That Pullback Was a Start

 | May 07, 2014 | 6:35 AM EDT
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Note: Helene Meisler will be traveling for the remainder of the week. Her next column will appear Monday, May 12.

I realize you probably don't want to hear this, but declines are good. They are healthy.

Seemingly everyone wants to believe that it's a blessing when a market rallies forever. But it is not -- because such action never offers the market a chance to shake out weak holders or allows it to reset itself. When a market incessantly rises without correction, stocks eventually work their way into weak hands as latecomers arrive. The higher the price you paid for your stock, the lower your ability to hold on.

This is one reason I keep harping on how declines are better than a continued grind upward with negative divergences. When the market slides, we at least get some panic and fear. We can see where the weak holders are, as well, as the strong ones are willing to take a stand. In that respect, while my wish for a Tuesday decline was realized -- and while the charts look awful and the statistics continue to weaken -- at the very least it all puts the market on a better path.

To reiterate, and as essentially everyone knows by now, this year is much changed from 2013. For the last two years -- and maybe more -- any gap down was a considered a reason to buy, regardless of whether that decline came on earnings or just general bad news. As I've said, I believe we've created an entire generation of investors who believe every gap down is a gift. But there was a time that gaps down were just that: gaps down -- and with more downside to come.

This year has produced a big switch in that action. Just look at a stock such as Coach (COH), which gapped down and has continued pulling back. Bank of America (BAC) has done the same, and so has JPMorgan Chase (JPM). I won't even list the momentum stocks that fall into this category, even as many folks are quite focused on Twitter (TWTR) and the blow-ups in "momo" land.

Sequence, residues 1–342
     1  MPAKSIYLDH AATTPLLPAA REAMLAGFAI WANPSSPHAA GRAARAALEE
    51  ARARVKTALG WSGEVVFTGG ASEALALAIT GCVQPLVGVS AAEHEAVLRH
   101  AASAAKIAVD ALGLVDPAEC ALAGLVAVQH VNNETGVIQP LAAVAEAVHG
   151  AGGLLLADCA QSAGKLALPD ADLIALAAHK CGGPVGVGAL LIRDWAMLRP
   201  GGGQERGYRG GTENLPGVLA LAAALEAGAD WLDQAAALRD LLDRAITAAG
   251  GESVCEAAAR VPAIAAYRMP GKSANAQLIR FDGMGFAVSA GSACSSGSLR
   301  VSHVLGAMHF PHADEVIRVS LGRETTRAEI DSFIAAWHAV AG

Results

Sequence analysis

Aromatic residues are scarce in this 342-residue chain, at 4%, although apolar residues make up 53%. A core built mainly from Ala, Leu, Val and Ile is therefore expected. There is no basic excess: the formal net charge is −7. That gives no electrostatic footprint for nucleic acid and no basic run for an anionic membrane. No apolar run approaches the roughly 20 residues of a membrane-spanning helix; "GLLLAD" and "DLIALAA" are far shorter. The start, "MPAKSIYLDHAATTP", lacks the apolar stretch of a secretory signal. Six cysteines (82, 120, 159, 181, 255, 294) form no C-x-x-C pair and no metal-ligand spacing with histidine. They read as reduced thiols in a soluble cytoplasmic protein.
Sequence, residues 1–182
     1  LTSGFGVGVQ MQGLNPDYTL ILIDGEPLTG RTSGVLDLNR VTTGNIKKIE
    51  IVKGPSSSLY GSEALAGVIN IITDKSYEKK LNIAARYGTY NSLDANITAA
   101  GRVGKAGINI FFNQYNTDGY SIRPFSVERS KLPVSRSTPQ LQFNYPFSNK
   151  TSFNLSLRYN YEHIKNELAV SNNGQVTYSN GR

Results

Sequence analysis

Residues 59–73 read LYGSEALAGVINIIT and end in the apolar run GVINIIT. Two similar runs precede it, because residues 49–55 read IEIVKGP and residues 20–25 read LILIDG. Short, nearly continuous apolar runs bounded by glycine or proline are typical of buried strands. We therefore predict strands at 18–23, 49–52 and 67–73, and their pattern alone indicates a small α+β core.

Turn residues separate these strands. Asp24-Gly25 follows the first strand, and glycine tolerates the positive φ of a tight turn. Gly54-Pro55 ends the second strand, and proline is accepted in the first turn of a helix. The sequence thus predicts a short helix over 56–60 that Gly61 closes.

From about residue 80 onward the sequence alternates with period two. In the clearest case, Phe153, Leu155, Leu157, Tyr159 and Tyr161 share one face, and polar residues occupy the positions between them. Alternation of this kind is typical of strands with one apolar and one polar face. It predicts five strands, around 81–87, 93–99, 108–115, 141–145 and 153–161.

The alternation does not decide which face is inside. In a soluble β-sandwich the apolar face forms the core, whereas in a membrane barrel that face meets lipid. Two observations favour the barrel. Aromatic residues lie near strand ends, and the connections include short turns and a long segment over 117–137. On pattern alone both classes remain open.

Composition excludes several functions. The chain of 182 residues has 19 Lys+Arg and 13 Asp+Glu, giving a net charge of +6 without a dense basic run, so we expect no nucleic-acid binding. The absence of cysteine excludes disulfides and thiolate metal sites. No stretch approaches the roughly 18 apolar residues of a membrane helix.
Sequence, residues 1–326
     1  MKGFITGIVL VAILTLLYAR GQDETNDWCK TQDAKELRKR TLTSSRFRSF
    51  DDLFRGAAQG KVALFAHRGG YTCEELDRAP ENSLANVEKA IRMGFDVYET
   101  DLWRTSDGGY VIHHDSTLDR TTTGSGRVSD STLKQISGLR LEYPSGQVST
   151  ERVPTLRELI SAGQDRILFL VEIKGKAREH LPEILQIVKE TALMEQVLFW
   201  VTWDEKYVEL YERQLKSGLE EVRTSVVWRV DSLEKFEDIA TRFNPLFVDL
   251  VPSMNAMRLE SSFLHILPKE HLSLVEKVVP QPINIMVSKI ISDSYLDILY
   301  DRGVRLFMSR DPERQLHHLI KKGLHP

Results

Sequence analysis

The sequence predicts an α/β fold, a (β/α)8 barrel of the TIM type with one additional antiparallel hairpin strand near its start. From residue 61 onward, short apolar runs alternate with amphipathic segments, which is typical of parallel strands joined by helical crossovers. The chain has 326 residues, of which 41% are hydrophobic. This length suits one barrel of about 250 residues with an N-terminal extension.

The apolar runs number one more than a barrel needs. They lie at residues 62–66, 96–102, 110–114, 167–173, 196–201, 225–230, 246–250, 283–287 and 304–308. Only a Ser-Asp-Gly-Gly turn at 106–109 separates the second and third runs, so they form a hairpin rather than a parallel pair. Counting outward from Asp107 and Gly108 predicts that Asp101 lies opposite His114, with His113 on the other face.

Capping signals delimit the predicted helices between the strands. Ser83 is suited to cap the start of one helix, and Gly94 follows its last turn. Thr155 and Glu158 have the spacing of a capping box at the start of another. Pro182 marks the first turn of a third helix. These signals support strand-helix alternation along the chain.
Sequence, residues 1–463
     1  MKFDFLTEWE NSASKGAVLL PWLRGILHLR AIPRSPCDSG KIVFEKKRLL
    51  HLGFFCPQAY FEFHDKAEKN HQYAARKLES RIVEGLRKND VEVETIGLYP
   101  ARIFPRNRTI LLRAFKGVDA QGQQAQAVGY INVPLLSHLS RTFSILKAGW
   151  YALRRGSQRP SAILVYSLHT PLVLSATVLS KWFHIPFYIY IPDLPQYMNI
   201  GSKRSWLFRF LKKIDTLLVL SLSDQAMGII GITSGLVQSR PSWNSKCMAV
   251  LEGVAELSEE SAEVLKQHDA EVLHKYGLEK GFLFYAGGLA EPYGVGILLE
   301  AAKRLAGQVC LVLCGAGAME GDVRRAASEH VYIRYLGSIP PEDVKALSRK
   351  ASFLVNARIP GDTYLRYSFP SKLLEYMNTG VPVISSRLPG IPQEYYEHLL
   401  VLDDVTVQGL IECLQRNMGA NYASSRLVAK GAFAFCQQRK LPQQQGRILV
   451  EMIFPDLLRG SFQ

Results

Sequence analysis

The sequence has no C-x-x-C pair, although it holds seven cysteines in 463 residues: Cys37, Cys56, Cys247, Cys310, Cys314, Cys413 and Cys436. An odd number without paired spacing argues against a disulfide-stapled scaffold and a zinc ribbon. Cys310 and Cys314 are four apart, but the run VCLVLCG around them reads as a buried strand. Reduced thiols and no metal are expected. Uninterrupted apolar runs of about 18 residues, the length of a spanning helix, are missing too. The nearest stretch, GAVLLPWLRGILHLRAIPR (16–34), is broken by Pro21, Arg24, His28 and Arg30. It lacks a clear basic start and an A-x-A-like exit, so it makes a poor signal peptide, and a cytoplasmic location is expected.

That notwithstanding, please look at the ratio between the KBW Bank Index and the S&P 500. This is a two-year chart and, as you can see, it is now back where it had been one year ago.

This ratio had been in a steady uptrend of higher lows from June 2012 through last summer, but at this point that trend has eroded. In particular, the move down since early April has been nothing short of incredible -- and even more so for the fact that seemingly no one is focused on it.

In addition, the Russell 2000 finally broke below its 200-day moving average Tuesday, putting in its lowest close since Feb. 5. That said, the intraday lows were still higher than the two we've seen since mid-April.

This is the deterioration that we see in the statistics. This is why we care about the number of stocks at new highs. Sure, the S&P may hang tough at the highs, but unless you own that index, these charts are likely more indicative of what your portfolio is doing.

The one piece of short-term good news is that the Nasdaq -- though not the NYSE or the S&P -- now leans toward an oversold condition. Also, the put-call ratio on the CBOE Volatility Index (VIX) slumped to 15%, and we'll typically see a rally after this indicator pushes under 20%. At the same time, the put-call ratio for ETFs read above 200%, another metric revealing signs of some fear.

So a short-term rally is doable. The problem is still the downside: Until we see some positive divergences as stocks go red, the upside will remain limited. As a result, I would expect any rally to fail.


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volatility is quite low here, and we could see some downsides here in the short term. ...



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